That said, it is worth notifying here that the novel does carry it’s realm of seriousness with a murder mystery at the heart of it. The writing style is pretty much laid back and the first person narrative describes the action from Ramji’s point of view, which perfectly balances between what the readers should know and what they shouldn’t; at what time should things be revealed and when they should be concealed. The narrative language is effortless and has an urbane touch, but the authoress does a swell job at penning the dialogues in an outright realistic manner—so much so that you can almost smell the Delhi/Punjabi accent on it. Kudos for that!
I wrote at the start, that this book introduces us to a very authentic detective, and I absolutely meant it. Not many can turn this fact down either, for who can boast of a private eye who is a mid-level bank clerk by the day and a fearless, risk-taking, adventure-seeking sleuth by the night? In Ramji, readers will find a protagonist who will instantly connect with them. He is witty with his middle class reflections of life in Delhi and sarcastic with the slogging of his bank job, while there is a prevailing willingness shown by him to encounter excitement in his detective job. All of these impressions flesh Ramji’s character brilliantly and are comical to say the least. A few traits of his which I found particularly interesting were the sing-a-song moments in his investigations and the trademark Ramji’s Guiding Principles of Life; the principles that will surely make you nod in agreement. Apart from Ramji, we also have an ensemble cast of supporting and semi-important characters who complete the story.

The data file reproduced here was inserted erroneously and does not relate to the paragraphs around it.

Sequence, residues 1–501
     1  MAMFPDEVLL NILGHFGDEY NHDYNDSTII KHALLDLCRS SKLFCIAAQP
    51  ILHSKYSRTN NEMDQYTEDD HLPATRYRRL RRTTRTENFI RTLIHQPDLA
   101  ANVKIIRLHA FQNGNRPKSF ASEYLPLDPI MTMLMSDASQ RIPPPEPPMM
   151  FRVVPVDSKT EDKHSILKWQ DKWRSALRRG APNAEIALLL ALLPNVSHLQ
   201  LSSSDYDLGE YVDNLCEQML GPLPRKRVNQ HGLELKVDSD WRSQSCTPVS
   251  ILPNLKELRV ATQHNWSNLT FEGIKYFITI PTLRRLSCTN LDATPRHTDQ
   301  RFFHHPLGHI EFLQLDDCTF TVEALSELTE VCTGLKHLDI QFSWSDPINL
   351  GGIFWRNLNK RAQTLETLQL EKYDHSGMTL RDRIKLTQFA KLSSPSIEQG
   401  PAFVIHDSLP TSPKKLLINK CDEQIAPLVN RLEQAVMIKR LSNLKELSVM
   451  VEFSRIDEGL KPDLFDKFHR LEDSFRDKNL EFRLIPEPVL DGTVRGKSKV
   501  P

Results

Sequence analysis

The only real case that I can have against this novel is the fact that the mystery at times takes the back seat while the characters are solely used to observe and describe things that have got nothing to do with the plot. Predictably, it slows down the pace of the book and prompts the reader to sift in and out of the book. I felt that a bit more dedication towards the plot and a tighter mystery could have worked wonders here. As it turned out, the action and the intensity fell short of my initial reckoning.
Perhaps we’ll have another Ramji mystery where the stakes will be higher, the plot a bit tighter, and the action a lot more pulsating.
This kind of writing and this particular protagonist certainly deserve to have another go at the readers. So please, bring it on!